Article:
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Sheet music

Original sheet music prints of ballads from Loewe's time, first and early printings of his instrumental compositions, and anthologies from after 1900 are a treasure trove for music lovers.

This collection contains single sheets and first printed music from Loewe's lifetime, the 17-volume complete edition of the ballads, legends, songs and chants for a singing voice as well as Loewe albums from various publishers from the years after 1900. In addition, original early prints of some of the 17 Loewe oratorios, e.g. B. “The Festival Times”, “Gutenberg”, “The Destruction of Jerusalem” or “The Raising of Lazarus”. Sheet music for Loewe's instrumental works, such as the Grand Trio (Op 12), Quartor spirituale (Op 16) and the Scottish Pictures (Op. 112) complete the collection.

Sheet music for individual ballads

All of the sheet music in the collection was published by different publishers, usually in the three voice ranges high/medium/low, usually during Carl Loewe's lifetime.
Most of the original sheet music comes from a donation in 2012 from the estate of the Stettin merchant Georg Vollbrecht.

Collected works and sheet music albums

After Carl Loewe's death, Dr. Maximilian Runze (1849-1931, among others a student of Carl Loewe at the Stettin Marienstift, the 17-volume complete edition of the ballads, legends, songs and songs for a singing voice, prepared on behalf of the Loewe family between 1899 and 1904. This complete edition was by Breitkopf & Härtel publishing house published in Leipzig.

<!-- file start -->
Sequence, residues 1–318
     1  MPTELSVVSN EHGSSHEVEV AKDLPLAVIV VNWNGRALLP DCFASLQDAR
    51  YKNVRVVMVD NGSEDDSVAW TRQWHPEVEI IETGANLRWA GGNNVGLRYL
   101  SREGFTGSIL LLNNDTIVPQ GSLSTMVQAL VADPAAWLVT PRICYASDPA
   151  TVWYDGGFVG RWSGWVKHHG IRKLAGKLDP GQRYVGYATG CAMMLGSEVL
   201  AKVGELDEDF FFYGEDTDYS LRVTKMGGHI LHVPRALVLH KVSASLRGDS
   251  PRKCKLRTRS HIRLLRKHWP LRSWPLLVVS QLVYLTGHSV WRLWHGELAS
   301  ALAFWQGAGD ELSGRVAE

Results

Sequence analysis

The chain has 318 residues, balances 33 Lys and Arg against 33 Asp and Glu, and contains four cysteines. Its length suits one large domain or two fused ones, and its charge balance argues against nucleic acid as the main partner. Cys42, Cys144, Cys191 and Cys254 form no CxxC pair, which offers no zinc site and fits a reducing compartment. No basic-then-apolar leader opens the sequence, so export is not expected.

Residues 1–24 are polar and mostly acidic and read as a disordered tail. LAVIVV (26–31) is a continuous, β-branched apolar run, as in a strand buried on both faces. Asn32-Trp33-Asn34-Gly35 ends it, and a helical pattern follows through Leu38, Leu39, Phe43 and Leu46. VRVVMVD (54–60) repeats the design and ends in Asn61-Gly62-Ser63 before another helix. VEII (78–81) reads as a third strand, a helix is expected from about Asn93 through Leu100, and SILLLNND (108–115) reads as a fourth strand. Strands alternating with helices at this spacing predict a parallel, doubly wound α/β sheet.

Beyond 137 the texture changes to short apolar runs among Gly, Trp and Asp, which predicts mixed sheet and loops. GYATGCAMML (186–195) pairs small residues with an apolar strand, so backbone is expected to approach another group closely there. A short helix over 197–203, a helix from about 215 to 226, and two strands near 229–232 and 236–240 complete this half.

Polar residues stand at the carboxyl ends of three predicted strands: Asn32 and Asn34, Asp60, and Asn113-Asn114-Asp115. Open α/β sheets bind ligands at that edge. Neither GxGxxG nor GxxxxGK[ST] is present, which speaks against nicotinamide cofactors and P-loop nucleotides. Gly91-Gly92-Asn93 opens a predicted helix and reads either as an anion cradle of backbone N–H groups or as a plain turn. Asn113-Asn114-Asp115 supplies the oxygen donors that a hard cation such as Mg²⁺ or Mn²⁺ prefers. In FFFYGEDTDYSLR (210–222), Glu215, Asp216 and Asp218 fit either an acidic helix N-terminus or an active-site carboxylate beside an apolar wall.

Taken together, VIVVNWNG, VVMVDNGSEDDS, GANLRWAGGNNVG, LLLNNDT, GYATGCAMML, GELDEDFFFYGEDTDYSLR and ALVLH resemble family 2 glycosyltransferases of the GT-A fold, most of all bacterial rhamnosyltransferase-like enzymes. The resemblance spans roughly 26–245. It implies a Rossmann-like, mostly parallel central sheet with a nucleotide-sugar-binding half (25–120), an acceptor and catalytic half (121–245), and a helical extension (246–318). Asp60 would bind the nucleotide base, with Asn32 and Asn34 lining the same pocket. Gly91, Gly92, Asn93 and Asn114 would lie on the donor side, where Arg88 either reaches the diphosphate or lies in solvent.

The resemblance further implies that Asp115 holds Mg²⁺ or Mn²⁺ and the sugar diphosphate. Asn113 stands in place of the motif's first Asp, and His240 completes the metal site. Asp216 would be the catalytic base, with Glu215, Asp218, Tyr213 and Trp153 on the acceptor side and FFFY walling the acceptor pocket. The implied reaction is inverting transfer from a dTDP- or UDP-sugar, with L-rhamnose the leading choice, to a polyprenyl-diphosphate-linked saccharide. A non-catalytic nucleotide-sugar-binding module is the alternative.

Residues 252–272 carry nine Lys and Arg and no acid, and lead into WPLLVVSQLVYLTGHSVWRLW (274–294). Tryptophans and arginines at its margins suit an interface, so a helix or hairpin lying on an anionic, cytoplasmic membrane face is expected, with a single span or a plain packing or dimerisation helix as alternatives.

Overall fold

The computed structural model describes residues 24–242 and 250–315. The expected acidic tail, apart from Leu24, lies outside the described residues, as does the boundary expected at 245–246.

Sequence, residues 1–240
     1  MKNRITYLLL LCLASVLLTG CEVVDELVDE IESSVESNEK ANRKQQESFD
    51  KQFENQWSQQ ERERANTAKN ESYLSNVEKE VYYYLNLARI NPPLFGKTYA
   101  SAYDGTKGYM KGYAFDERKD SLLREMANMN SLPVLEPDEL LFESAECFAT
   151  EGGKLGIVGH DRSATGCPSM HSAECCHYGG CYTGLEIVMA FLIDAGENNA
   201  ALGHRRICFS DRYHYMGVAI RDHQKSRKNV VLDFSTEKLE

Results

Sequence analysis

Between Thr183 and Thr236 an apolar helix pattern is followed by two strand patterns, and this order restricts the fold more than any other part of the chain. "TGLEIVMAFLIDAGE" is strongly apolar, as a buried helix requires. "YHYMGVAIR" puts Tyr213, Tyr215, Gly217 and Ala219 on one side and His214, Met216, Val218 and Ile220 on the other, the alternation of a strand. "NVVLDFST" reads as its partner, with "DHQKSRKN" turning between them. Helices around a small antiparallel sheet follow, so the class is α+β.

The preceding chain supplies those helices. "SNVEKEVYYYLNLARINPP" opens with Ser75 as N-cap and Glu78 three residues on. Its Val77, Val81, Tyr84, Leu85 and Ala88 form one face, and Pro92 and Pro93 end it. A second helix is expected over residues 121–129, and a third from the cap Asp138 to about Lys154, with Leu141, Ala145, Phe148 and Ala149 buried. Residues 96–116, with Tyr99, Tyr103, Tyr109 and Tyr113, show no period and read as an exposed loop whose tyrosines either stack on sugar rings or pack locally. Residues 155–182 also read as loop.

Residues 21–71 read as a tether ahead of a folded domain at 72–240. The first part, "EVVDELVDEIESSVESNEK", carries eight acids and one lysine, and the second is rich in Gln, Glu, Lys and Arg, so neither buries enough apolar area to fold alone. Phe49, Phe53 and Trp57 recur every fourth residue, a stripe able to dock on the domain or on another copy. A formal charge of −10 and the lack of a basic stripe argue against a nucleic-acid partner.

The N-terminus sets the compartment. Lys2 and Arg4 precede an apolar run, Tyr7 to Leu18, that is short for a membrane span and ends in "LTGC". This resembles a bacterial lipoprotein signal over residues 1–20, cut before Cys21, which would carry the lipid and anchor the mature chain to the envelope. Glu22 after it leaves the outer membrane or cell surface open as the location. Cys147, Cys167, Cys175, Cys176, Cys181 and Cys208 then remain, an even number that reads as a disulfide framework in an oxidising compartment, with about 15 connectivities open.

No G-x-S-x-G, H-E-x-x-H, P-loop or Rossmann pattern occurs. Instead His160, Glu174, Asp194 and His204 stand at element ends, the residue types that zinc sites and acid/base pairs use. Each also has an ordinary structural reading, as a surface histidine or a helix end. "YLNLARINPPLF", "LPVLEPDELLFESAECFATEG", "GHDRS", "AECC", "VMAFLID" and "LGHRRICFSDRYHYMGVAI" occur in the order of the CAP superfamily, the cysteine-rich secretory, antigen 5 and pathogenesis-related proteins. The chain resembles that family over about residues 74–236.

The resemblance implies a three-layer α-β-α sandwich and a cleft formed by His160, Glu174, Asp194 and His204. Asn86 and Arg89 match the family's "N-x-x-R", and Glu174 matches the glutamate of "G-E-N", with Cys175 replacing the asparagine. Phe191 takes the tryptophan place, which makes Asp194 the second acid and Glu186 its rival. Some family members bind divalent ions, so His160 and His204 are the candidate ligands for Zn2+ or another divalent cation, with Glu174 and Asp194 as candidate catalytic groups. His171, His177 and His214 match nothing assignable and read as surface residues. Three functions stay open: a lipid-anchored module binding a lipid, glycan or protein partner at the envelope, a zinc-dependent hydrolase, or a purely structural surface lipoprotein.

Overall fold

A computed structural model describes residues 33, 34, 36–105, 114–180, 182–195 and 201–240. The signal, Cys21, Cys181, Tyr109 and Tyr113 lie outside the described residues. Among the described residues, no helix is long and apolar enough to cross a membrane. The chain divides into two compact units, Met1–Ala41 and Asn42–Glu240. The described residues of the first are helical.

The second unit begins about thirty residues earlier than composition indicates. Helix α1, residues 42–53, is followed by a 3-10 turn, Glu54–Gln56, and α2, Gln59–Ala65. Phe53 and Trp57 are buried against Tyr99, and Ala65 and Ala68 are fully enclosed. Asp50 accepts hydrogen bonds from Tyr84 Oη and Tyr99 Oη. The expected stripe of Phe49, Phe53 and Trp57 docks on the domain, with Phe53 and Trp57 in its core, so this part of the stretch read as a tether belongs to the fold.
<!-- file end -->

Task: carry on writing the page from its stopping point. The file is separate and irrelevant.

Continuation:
In the years after 1910, “Loewe albums” with a targeted selection of ballads and songs were published by various publishers.


Loewe worked on the oratorio genre between 1821 and 1864. He composed most of his 18 oratorios based on texts by his friend and colleague at the Stettin high school, Ludwig Giesebrecht. Both had a similar inclination towards church material such as: B. Legends of saints. Despite the general criticism of the approach of some of Loewe's oratorios to opera, several of his oratorios were widely successful with audiences.

Instrumental works

Carl Loewe composed two symphonies, several piano works and other instrumental music. The fact that, despite the enormous workload in his many positions in Stettin, he also dedicated himself to this genre in addition to the more successful ballad compositions speaks for the diverse interests of the exceptional musician Loewe.

The ICLG promotes the revival through research into the sheet music and through its own new arrangements.

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